HUNTSVILLE — What started by property owner J.R. Hembree on Monday as a request to have Litton Covered Bridge Road closed at his property line instead delved into a discussion by Scott County Commission as to why the old road should be reopened in its entirety.

Hembree, who owns about 120 acres of property on either side of Litton Covered Bridge Road, appeared before County Commission’s Intergovernmental Committee to request that the road be closed through his property, since it is — in effect — already closed just beyond his property.

Scott County Mayor Dale Perdue, who had spoken to Hembree prior to the start of Monday’s meeting, told commissioners that Hembree’s request was in response to the road’s closure at the entrance to property owned by Steve Howard, whose parcels of land border Hembree’s property.

The Howard property has been the subject of much consternation involving County Commission over the past two years, with the Howards first petitioning the county to close the road, then barricading the road when that petition was refused.

Scott County won a court ruling to keep the road open in 2017. As a result of that ruling, Howard surrendered a key to the gate he had placed to the Scott County Road Department. However, Road Superintendent Dick Sexton has declined to open the gate, saying that the road is impassible and that his department does not have the funds to repair it.

Once a thoroughfare from Huntsville to Winona, Litton Covered Bridge has been closed on the east side of Paint Rock Creek since the early 1980s. The portion of roadway on the west side of the creek is still on the county’s road list, though it dead-ends where the covered bridge once stood over Paint Rock Creek. It is in serious disrepair beyond the last residence, which is located at its intersection with River Junction Road.

It is near that point that Hembree’s property begins. Like Howard, Hembree owns property on both sides of the roadway.

While Hembree broached the subject at Monday’s meeting, he did not do much of the talking, instead standing at the podium and listening as commissioners discussed the merits of reopening the road.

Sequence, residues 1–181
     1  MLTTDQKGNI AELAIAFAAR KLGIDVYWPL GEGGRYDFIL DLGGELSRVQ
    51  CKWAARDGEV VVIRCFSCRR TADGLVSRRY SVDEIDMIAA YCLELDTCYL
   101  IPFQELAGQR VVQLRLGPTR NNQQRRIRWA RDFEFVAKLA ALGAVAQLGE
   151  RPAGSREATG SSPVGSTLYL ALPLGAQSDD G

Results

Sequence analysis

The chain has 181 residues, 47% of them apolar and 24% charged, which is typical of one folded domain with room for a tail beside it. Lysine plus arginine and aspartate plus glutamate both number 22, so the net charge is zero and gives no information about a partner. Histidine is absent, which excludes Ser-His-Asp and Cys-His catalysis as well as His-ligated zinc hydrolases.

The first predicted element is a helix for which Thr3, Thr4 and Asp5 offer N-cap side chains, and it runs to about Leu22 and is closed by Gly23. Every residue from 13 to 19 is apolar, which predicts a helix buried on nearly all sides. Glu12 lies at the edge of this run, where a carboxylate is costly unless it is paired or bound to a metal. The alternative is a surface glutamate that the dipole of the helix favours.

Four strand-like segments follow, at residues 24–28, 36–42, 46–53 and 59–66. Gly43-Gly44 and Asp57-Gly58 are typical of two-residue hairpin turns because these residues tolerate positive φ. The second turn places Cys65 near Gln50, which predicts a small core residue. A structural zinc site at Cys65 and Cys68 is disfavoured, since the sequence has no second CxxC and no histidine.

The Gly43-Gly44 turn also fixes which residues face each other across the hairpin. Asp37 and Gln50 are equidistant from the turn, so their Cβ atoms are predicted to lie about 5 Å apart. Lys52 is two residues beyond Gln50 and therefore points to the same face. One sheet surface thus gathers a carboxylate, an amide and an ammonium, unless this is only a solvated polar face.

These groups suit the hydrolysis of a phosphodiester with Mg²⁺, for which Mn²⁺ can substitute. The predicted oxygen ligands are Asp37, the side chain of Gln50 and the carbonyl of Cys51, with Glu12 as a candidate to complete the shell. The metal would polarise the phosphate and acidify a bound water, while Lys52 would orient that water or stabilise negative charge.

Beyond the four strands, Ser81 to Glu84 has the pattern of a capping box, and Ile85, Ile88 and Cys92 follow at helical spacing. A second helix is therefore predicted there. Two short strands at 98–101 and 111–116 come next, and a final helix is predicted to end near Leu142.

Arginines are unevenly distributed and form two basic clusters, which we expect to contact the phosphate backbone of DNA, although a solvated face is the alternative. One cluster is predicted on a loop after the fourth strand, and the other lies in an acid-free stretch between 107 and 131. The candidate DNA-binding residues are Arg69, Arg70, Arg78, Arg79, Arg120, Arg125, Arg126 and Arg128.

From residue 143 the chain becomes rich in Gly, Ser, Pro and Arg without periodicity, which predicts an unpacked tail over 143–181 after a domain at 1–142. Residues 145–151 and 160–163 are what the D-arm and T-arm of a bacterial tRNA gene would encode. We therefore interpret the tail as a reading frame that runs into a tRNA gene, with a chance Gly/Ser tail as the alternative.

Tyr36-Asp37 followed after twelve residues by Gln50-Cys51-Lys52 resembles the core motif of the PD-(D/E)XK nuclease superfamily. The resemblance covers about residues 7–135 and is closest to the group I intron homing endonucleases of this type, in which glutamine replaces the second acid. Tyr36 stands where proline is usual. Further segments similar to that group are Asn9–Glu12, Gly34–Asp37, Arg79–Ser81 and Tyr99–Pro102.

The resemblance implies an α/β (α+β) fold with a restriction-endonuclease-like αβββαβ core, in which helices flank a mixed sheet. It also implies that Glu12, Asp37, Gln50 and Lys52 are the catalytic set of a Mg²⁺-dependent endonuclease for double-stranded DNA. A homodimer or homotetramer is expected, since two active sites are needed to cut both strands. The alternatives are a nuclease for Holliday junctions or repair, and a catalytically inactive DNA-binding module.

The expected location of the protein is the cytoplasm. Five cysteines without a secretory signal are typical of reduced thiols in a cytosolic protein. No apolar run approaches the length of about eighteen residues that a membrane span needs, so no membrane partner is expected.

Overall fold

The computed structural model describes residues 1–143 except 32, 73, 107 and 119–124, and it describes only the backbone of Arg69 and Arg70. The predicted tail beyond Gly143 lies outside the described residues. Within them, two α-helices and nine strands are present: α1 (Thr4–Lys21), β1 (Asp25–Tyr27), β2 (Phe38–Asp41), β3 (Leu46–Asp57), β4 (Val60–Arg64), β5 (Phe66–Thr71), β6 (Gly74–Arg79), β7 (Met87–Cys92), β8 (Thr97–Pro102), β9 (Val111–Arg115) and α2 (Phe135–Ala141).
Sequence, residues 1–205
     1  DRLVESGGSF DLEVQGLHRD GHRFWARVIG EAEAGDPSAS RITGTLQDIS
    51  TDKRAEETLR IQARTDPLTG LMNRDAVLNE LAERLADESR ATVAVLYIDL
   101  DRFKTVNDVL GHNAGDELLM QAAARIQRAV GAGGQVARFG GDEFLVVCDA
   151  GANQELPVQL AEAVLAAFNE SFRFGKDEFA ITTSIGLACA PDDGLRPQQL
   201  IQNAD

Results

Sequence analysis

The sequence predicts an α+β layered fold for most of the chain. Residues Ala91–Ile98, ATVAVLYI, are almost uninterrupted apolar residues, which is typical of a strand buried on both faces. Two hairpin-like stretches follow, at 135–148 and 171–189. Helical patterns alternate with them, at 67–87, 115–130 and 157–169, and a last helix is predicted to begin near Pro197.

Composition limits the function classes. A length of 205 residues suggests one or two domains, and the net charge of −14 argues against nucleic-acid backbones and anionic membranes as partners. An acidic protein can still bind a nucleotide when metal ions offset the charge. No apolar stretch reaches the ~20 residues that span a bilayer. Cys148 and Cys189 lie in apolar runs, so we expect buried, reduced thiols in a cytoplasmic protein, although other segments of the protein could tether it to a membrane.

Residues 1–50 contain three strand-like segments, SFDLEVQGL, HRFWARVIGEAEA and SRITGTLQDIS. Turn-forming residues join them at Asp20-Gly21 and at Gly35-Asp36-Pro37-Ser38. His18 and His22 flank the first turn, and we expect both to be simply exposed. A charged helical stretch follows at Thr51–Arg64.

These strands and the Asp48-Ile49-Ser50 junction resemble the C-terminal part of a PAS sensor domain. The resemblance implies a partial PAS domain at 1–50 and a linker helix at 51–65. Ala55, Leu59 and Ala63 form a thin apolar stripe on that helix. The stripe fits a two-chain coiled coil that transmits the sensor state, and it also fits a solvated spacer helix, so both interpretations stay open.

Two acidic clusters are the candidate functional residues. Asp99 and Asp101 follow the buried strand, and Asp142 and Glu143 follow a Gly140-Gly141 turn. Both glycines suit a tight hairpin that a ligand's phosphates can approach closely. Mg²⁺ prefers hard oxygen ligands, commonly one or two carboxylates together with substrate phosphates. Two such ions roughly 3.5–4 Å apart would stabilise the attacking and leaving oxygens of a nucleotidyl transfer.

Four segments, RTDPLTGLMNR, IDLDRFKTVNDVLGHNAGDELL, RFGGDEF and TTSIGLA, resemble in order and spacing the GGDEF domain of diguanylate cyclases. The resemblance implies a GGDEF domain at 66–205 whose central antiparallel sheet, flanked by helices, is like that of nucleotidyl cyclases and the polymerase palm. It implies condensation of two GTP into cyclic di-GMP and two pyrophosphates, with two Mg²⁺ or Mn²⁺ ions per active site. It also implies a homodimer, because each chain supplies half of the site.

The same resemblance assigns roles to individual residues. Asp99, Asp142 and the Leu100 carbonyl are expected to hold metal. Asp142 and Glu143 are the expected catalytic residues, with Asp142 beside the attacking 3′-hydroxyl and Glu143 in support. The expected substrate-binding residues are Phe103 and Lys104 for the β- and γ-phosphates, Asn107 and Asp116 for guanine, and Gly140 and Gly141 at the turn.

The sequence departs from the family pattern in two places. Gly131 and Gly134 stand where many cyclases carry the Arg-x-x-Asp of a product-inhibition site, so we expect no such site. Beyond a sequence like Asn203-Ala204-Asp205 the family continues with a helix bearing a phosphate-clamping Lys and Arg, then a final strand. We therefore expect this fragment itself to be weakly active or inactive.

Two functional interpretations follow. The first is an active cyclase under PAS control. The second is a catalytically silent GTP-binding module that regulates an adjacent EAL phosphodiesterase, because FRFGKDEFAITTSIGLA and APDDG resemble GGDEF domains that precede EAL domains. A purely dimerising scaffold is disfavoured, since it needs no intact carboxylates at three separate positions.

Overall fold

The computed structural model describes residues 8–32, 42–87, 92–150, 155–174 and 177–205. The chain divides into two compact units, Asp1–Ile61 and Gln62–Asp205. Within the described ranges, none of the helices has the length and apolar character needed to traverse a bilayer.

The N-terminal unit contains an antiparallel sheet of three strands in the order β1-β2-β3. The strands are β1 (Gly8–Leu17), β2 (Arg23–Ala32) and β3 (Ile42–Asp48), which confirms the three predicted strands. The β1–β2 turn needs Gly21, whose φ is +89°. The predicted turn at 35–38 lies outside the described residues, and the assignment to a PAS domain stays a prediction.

Fourth District Commissioner Rick Russ, who is a candidate for county mayor in the August election, said that he understands Hembree’s position, but he said, “I opposed (closing the road) from the beginning, and I’ll oppose it until the end, which may not be very long from now. The bottom line is it’s a county road and it shouldn’t be closed.”

Russ declared that it is the responsibility of the road superintendent — based on the ruling in Chancery Court — to reopen the road. And, he added, “There will be a new road superintendent come fall and it’ll be his decision whether to keep the road closed.”

Sexton has opted against seeking re-election. Vying to replace him will be current Road Department supervisor Kelvin King and former road superintendent candidate Dale Boyatt.

Russ said that he was bothered by the fact that “a select number of people get keys to the gate” that was put in place “even though (the road) is impassible.” 

Second District Commissioner Sam Lyles questioned whether the county would be within its legal rights to cut the lock off the gate and remove it despite the road superintendent’s discretion, saying, “I don’t know why it’s the road superintendent’s (decision) at this point.” 

June Jeffers, who also represents the Second District, said the county should not wait until August to see the issue revisited, adding, “Dick’s supposed to do his job.” 

Howard has argued that the road serves no purpose, because anyone who ventures off the road to access New River or Paint Rock Creek will be trespassing on his property, and the road itself dead-ends at Paint Rock Creek without a destination, other than to reach a cabin built along Paint Rock Creek by Howard and his wife.

To that end, 1st District Commissioner Blue Day objected to discussion of reopening the road at Monday’s meeting, saying the property in question is “private property,” and asking, “Where can you go once you get down there?”

Past estimates have placed the cost of fixing the road between $35,000 and $75,000. Beyond the Howard property line, in low-lying bottomland along New River, the roadway is subject to frequent flooding during heavy rainfall events.